MINNEAPOLIS (WCCO) — Minnesota health officials reported Sunday 2,534 more cases of COVID-19 in the state and 40 more deaths. The Minnesota Department of Health says the numbers released included figures from both Friday and Saturday, making up for a break over the Christmas holiday.

With the new figures, the state’s total COVID-19 case count stands at 409,061 and the death toll has climbed to 5,147. Of the recent fatalities, 27 of the victims were residents in long-term care facilities. About 65% of all the virus-related deaths in Minnesota have been residents in nursing homes, assisted living or other such long-term care facilities.

While December has been the deadliest month in Minnesota since the outbreak reached the state in March, hospitalizations and daily new case counts are trending downward. At the start of this month, more than 1,800 people were hospitalized with the virus, with nearly 400 patients in intensive care beds. As of last week, about 1,000 people were hospitalized, with about 230 patients in intensive care.

Meanwhile, the state remains under tight restrictions that’ll last into the new year. While Gov. Tim Walz has recently allowed gyms to reopen at limited capacity, restaurants and bars are ordered to remain closed to indoor dining until Jan. 11. The governor’s dial-back order was initially issued in late November at a time when COVID-19 case counts, hospitalizations and deaths were surging.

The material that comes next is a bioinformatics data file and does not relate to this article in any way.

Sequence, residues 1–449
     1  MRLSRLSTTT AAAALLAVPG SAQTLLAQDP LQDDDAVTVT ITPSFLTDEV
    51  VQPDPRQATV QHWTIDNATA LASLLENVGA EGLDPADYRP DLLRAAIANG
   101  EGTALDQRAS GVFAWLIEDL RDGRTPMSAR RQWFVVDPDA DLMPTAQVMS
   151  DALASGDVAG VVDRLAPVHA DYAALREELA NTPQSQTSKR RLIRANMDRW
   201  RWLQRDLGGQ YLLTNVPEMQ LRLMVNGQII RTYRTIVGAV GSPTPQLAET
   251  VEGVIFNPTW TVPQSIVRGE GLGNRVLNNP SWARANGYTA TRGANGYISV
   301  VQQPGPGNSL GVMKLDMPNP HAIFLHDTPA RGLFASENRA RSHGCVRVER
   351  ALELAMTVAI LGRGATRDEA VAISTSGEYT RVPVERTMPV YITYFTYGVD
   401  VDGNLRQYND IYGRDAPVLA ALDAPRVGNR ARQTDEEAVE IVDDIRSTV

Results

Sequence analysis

During the week of Christmas, the first doses of the COVID-19 vaccine were administered to some residents in long-term care facilities. Next week, CVS Health plans to have teams visit nearly 600 long-term care facilities in the state to begin inoculating residents and workers. Shipments of both the Pfizer and Moderna vaccines have reached Minnesota.

Last week, the first doses of Pfizer’s vaccine arrived in the state and were administered to frontline health care workers. Such workers, along with residents in long-term care, are the state’s first priority in regards to the vaccine. By the end of January, most residents in long-term care will have had the chance to receive the first of two vaccine shots.

As for the general public, the vaccine is not expected to be available for several months. In the meantime, health officials are encouraging people to continue to wear masks, social distance and get tested. Since the pandemic began, more than 2.9 million people have been tested in Minnesota. Of those who tested positive, nearly 389,000 have recovered and no longer need to self-isolate.